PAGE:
US eliminates Zawahiri in drone strike: Did Pakistan sell him out for IMF bailout?

WASHINGTON: The United States on Sunday eliminated al-Qaeda fugitive and Osama bin Laden’s successor Ayman al-Zawahiri in a drone strike in Kabul, the first since its withdrawal from the region, sparking accusations and infighting between the Taliban and his patron Pakistan over who sold him out.
US officials said Zawahiri was hit by two Hellfire missiles when he stepped onto the balcony of a Taliban-controlled hiding place in Kabul, where he lived with members of his family after moving there from Pakistan earlier this year.
In a televised address, US President Joe Biden said “justice has been delivered”, while repeating the American mantra “that no matter how long it takes, wherever you hide, if you are a threat to our people, the United States will find you and take you outside.”
American eyes in the sky and spies on the ground reportedly followed Zawahiri for weeks to establish his routine and ensure no other family members were killed in the drone strike that had been planned for weeks.
Reports of positive identification and confirmation that it was Zawahiri who was eliminated fueled speculation about continued US assets in the region, in Kabul, and Pakistan’s role in the operation.
Some analysts suggested Zawahiri was “sacrificed” by Pakistan to get back on the US good books and secure financial aid, including an IMF bailout, pointing to army chief Bajwa’s recent appeal to Washington for financial aid.
Afghan resistance leader Amrulla Saleh was among those to point out that “for much of its history” Business suit has managed to mitigate its financial crisis by monetizing the threat of Afg and banking on security interests of the West.”
“When the US took out Bin Laden, relations with Pakistan plunged to new lows. Now that the US has eliminated Zawahiri and possibly with Pakistani aid, relations with Pakistan could receive one of their biggest boosts in years,” tweeted Michael Kugelman, a South Asian scholar at the Wilson Center.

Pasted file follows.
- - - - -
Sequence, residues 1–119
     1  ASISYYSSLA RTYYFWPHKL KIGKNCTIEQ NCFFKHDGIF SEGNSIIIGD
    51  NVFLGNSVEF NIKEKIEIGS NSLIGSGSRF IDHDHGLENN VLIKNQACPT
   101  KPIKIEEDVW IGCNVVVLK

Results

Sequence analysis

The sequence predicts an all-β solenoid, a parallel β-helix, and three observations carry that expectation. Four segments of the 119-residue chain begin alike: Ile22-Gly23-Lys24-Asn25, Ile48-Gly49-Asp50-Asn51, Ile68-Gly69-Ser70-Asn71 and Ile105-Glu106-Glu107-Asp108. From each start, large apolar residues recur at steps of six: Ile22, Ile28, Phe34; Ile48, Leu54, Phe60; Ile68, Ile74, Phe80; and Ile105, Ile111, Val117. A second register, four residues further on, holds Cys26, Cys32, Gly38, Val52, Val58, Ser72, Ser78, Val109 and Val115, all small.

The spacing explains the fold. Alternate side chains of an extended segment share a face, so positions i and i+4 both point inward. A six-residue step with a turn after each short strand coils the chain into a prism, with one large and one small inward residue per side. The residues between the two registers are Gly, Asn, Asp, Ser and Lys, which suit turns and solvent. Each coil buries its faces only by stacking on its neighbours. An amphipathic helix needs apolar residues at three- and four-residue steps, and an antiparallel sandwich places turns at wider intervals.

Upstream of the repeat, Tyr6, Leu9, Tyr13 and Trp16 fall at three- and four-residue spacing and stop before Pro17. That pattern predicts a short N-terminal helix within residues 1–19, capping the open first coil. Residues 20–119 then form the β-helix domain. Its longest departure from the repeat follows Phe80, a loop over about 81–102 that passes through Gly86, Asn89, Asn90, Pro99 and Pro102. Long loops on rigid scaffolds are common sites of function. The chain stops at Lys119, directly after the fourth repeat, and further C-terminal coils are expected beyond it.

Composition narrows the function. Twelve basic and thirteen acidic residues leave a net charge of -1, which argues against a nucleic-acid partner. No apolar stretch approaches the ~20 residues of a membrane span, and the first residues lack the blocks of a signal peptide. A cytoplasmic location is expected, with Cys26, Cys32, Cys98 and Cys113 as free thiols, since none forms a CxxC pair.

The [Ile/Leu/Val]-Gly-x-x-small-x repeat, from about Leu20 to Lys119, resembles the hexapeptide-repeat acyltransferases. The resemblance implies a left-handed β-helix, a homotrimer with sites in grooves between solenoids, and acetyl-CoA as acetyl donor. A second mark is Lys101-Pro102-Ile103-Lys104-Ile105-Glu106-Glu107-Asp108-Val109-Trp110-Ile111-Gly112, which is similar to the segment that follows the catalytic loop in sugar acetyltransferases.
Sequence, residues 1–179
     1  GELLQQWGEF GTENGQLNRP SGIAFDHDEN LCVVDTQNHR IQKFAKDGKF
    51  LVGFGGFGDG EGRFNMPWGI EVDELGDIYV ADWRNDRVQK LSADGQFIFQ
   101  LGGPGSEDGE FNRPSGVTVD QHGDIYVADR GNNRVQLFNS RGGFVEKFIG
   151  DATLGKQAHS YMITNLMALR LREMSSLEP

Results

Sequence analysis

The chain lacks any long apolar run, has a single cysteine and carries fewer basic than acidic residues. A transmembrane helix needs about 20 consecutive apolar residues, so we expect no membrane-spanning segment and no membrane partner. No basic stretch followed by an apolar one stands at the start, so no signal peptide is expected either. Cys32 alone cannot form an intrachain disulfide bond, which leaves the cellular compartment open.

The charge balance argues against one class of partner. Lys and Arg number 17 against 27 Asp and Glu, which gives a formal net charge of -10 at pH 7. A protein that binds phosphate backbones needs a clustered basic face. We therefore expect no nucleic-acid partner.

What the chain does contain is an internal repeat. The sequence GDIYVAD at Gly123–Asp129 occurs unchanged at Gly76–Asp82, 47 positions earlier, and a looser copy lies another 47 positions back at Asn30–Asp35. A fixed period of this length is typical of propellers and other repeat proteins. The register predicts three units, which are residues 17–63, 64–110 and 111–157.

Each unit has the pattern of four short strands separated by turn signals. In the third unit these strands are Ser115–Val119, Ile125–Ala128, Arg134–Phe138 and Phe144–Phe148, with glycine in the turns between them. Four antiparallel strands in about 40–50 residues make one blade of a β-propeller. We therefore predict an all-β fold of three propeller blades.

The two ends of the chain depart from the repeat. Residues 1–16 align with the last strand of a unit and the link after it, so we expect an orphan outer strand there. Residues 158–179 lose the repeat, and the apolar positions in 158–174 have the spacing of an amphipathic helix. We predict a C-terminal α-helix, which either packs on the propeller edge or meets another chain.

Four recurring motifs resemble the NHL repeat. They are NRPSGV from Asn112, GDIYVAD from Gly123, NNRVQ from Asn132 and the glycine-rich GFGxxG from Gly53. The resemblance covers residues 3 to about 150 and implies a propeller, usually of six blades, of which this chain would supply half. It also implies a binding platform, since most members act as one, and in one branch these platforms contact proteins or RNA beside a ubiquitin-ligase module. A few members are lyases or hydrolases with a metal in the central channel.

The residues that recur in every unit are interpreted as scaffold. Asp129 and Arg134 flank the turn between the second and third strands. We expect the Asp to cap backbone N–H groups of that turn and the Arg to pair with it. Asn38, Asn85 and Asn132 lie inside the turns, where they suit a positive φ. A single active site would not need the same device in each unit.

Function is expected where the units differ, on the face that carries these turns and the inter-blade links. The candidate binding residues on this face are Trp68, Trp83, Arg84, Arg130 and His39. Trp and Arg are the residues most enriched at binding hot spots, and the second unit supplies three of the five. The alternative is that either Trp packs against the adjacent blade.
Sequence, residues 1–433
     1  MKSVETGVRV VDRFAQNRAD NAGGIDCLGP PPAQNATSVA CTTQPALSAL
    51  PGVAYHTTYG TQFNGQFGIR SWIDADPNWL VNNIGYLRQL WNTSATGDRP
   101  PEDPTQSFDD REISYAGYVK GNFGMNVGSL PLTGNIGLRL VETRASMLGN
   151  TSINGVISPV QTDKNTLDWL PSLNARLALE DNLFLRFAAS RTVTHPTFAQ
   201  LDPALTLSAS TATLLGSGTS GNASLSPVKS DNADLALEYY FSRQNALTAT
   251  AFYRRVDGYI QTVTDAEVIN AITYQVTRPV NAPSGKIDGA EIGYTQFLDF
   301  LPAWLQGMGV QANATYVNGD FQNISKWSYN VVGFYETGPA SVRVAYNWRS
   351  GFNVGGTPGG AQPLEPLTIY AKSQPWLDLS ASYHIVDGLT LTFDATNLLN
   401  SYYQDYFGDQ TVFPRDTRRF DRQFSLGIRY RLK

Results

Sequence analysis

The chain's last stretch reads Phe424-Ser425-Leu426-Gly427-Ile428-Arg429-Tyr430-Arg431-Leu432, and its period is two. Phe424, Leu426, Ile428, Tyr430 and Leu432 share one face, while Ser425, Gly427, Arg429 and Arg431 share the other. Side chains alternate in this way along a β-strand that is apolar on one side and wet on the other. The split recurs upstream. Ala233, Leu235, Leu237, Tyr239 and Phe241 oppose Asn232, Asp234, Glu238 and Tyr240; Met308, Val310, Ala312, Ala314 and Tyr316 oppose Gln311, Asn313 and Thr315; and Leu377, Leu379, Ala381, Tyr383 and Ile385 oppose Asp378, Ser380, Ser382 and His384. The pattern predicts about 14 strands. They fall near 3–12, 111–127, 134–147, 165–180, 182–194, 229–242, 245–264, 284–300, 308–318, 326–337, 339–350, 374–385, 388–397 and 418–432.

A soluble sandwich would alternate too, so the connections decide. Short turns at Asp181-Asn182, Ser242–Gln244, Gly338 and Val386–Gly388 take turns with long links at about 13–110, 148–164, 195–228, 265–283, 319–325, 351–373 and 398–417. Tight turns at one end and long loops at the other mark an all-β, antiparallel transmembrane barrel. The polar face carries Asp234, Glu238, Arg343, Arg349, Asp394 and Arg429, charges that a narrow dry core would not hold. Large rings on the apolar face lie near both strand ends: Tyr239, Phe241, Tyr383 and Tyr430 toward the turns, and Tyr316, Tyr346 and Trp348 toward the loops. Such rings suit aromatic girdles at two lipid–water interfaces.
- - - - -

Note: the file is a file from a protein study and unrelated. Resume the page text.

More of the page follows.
But other analysts warned that it was also possible that Zawahiri’s coordinates had been sold out by sections of the Taliban opposed to Pakistan and its proxies in Kabul, who did not want Al Qaeda to return to Afghanistan.
The fugitive Al Qaeda leader was reportedly taken to a hiding place in Kabul by leaders of the Haqqani network, considered a virtual arm of the ISI and now part of the primitive ruling clique in Afghanistan.
Sirajuddin Haqqani, son of the network’s founder, Jalaluddin Haqqani, is the current interior minister of the Taliban government, known to be torn between factions.
In a statement, the Taliban government condemned the drone attack “in the strongest possible terms and considers it a clear violation of international principles and the Doha Agreement.” But the US Ministry of Foreign Affairs fired back, saying it was the Taliban who had violated their promise in the Doha Agreement not to allow terrorist groups to operate on their territory and to sever all relations with those groups.
It will take time for the smoke to clear and the mirrors to straighten, but for now it is certain that Washington has eliminated one of the last al-Qaeda terrorists, but not the miasma of mistrust in the region.

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